filed under Culture

Firsts for a Seasoned World Traveler


When the opportunity arose to do a luxury European river cruise, I couldn’t pass it up. I’d heard that river cruising is the complete opposite of ocean cruising, focusing more on the destinations than the actual ship.

Nuremburg, Germany

In case you don’t know, the mass tourism thing just isn’t for me. I’d rather not travel if it means being crammed into an oversized floating theme park and being given mere hours to explore a city that would otherwise take a few days to see.


Besides being my first time on a river cruise, every stop (with the exception of Budapest) was new to me. The first port of call was Nuremberg, the epicenter of Bavarian culture and WWII history.

Nuremburg Architecture

I loved the dramatic Gothic churches, exploring the medieval Old Town and fortress, and browsing the souvenir shops in Market Square. Next up was Regensburg, the oldest city on the Danube and an UNESCO World Heritage Site.

UGG in Regensburg

Thankfully the town was spared from bombings during WWII, which means the traces of its long history are still there, from the Roman city walls to the 12th century Old Stone Bridge.

Regensburg Street

Regensburg is also home to Germany’s oldest restaurant, Wurstkuche or Old Sausage Kitchen. The grilled sausages paired with wheat beer certainly kept me warm that chilly night.

German Sausage

On the fourth day we woke up in Passau, a city founded over 2000 years ago by the Celts. Passau is known for its impressive St. Stephan’s Cathedral, but the real showstopper lies inside.

St. Stephan's Cathedral Passau

The Cathedral’s impressive organ boasts 17,774 pipes, making it the third largest organ in the world. (After the concert I witnessed, I think it might be the loudest.) After walking a bit, I refueled with a dose of chocolate truffles at Café Simon.

Passau Chocolate

By the time our ship docked in Krems, Austria on the fifth day, I realized it was my first time in Austria, making it the 67th country I have visited to date.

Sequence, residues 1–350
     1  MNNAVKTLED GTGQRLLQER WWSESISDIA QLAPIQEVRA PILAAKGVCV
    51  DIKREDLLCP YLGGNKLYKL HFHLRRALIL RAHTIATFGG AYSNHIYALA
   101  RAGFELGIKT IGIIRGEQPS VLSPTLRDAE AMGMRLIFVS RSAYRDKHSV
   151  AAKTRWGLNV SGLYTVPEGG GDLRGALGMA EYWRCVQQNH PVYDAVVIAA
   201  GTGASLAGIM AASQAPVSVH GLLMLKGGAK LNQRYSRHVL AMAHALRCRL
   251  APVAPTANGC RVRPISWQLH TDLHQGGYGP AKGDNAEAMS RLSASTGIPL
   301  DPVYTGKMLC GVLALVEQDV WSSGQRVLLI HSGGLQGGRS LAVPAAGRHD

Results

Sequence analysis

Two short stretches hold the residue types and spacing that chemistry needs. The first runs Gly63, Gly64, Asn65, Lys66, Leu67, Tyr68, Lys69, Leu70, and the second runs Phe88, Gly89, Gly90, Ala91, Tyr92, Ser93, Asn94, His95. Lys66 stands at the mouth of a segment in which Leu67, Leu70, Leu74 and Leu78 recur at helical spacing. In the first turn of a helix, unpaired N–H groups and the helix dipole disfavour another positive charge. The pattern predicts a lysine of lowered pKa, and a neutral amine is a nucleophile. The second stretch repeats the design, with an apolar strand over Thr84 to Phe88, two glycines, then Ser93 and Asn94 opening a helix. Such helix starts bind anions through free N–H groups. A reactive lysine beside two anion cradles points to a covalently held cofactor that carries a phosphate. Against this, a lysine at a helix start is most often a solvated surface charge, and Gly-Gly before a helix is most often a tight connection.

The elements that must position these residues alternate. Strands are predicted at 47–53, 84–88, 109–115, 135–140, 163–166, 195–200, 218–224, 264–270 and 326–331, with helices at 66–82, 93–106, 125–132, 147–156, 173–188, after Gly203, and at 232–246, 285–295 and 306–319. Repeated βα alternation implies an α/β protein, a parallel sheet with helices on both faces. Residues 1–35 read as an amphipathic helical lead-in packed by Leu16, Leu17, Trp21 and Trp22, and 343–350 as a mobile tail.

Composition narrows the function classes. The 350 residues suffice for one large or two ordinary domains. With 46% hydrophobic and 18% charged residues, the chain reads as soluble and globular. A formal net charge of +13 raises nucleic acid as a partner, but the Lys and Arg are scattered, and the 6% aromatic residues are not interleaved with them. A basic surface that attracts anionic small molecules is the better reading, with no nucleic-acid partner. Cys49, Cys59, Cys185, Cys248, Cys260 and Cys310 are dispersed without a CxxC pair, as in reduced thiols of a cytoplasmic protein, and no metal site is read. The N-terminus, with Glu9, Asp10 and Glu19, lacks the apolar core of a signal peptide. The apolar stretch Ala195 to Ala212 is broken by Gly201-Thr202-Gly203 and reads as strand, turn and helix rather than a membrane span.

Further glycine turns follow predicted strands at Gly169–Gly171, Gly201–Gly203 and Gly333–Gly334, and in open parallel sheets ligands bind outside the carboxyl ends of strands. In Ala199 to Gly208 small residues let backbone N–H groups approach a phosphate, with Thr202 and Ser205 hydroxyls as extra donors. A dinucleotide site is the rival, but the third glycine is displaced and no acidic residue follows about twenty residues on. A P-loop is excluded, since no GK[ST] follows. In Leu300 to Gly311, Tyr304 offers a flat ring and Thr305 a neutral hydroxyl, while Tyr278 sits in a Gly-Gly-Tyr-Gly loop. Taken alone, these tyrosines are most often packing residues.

I was excited for the tour of Gottweig Abbey, a working monastic complex for more than 900 years. The Benedictine monks who live there make and sell their famous apricot wine. Needless to say, I slept well that night after all the taste testing.


The following two days were spent touring beautiful Vienna, the “city of the waltz.” It was my first time in the Austrian capital, so I wanted to see everything I could. The Palace and Gardens of Schönbrunn were exceptional, especially the epic view from the gardens overlooking the former summer residence of the Imperial Habsburg family.

Palace of Schönbrunn

While in Vienna I had a dessert that I actually dreamt about for days afterward: a decadently rich slice of chocolate cake at Café Sacher. But the real highlight from this stretch of the trip was a Mozart and Strauss concert and dance performance, where I got to experience live classical music for the very first time.

Vienna Chocolate Cake

The next day was all about a relaxing morning learning how to make strudel and a sampling of local Pálinka (fruit brandy) in Esztergom, Hungary.

Esterzgom, Hungary

From there we sailed to our final stop: Budapest. I had visited Budapest back in 2007, but this time I saw the city with new eyes. Budapest sits on over 100 thermal springs, earning the nickname Spa City.

Budapest Spa

After the past week of extensive sightseeing, a warm dip at Gellert Baths and Spa was the perfect remedy for my sore legs. And because Hungarians love their carbs, I had to try an oven fresh langos—bread topped with cheese, sour cream, and onion—at the Central Market Hall.

Hungarian Langos

I ended up staying in Budapest an extra two nights to meet up with distant cousins from my father’s side and to take a couple day trips to the wine town of Etyek and the picturesque town of Szentendre, or St. Andrew.


Like in all my travels, each destination teaches me about the place itself, but also new things about myself. I learned that sauerkraut is probably one of the most underrated side dishes of all time and that I can survive off pork alone for several days without a hitch.


I also learned that Germans love their beer as much as Austrians and Hungarians revere their wines, and when someone offers you a dessert, you eat it and ask questions later.

Night in Budapest

Overall the trip was a success in so many ways–a perfectly paced itinerary that allowed for lots of wandering, impromptu souvenir shopping, and the occasional biergarten stop. Until next time, Europe.

Vienna Carriage

Shop the styles David brought on his trip here and follow him along on his adventures via his blog and Instagram.